back of the net with his head to win Arsenal the FA Cup, despite nursing a
Thanks to his goal, Arsenal
became the first club in English football to win the Cup Double, and his
strike also meant that the Gunners had secured a place in next season’s
European Cup Winners’ Cup.
Despite winning the latter
the following year, that’s as good as it got for Linighan in North London in the
end, as the arrival of Martin Keown demoted him to fourth-choice at the back
and ultimately ended his time at the club. He continued to try to fight for a
place in the side, but the appointment of Arsene Wenger as the club’s new
manager resulted in him being sold to Crystal Palace in 1997 at the ripe old
age of 35.
Linighan’s luck instantly
changed with the Eagles, as he captained the side to promotion from the second
tier to the Premier League. He enjoyed his time at Palace, and stuck by the
club even after they had loaned him to Queens Park Rangers in the 1998-99
season to reduce the wage bill while they struggled financially.
He returned to win the fans’
Player of the Year for the 1999-2000 campaign, but then fell out with owner
Simon Jordan. Like many who get on the wrong side of Jordan, Linighan was soon
out the door and flogged to Oxford United.
He spent just one year
getting relegated with Oxford before calling it a day and retiring from the
game, before he briefly turned out for St Albans City in the Non-league.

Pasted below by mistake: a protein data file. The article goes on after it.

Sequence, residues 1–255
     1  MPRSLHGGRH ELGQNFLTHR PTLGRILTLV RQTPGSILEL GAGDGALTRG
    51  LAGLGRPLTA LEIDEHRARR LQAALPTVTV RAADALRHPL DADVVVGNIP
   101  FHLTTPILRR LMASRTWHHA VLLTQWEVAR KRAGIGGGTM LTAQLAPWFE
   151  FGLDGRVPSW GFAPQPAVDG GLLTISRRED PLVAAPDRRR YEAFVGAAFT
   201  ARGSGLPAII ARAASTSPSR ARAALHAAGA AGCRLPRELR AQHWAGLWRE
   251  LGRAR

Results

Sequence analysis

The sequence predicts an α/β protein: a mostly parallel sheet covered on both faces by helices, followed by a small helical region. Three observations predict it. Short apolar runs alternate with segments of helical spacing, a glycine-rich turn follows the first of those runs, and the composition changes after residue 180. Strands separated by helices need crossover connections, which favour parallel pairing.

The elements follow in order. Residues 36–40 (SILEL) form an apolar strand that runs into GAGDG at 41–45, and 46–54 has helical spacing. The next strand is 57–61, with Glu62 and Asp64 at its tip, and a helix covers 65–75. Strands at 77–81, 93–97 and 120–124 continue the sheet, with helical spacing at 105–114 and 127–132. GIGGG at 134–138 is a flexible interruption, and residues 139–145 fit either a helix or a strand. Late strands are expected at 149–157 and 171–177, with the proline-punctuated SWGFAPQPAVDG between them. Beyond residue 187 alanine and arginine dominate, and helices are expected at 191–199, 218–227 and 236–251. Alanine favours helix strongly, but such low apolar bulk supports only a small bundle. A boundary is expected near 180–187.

Upon retirement, Linighan started
his own plumbing business, having served
an apprenticeship with a tradesman as a teenager. Linighan Plumbing Services is based in
Harpenden, Hertfordshire where he was rumoured to drive around in a van emblazoned
with the slogan: Andy Linighan – Average Footballer, Excellent Plumber.
about this, Linighan revealed: “I bumped into Ray Parlour at the last game
at Highbury. I think I made a joke or something about this van and sign and the
next thing talkSPORT are calling to ask if it’s true.
“Ray Parlour. Cheeky
chappie. I don’t even have a van.”
And now you know.
Matt has been the editor of the site since June 2012 and was born into a Gooner family 21 years ago. He recently graduated from Southampton Solent University with a degree in Sports Journalism and strives to work in the Sports Media industry. As well as currently working as a reporter for Sports Mole and TIBS News, Matt has been providing football commentary for the visually impaired since 2008 at Arsenal, Exeter City and Wembley.
His earliest Gunners memory is watching the ‘Boring, boring Arsenal’ VHS as a six-year-old on repeat, to the extent where he could recite most of the commentary from that season. Matt was lucky enough to witness Arsenal lift the Premier League in 2002 as well as being present during the last match at Highbury in 2006, and at Dennis Bergkamp’s testimonial a few months later at the Emirates Stadium. Matt’s favourite players include Bergkamp, Thierry Henry and Tony Adams, with the 5-3 comeback victory against Middlesbrough in 2004 the best match he has ever spectated.
Matt is an optimistic ’In Wenger we trust’, kind of guy and believes that the glory days are not too far away…
Apart from his editorial duties, Matt will also be bringing his Arsenal knowledge to a column called “Where Are They Now?” – which focuses on former Gunners.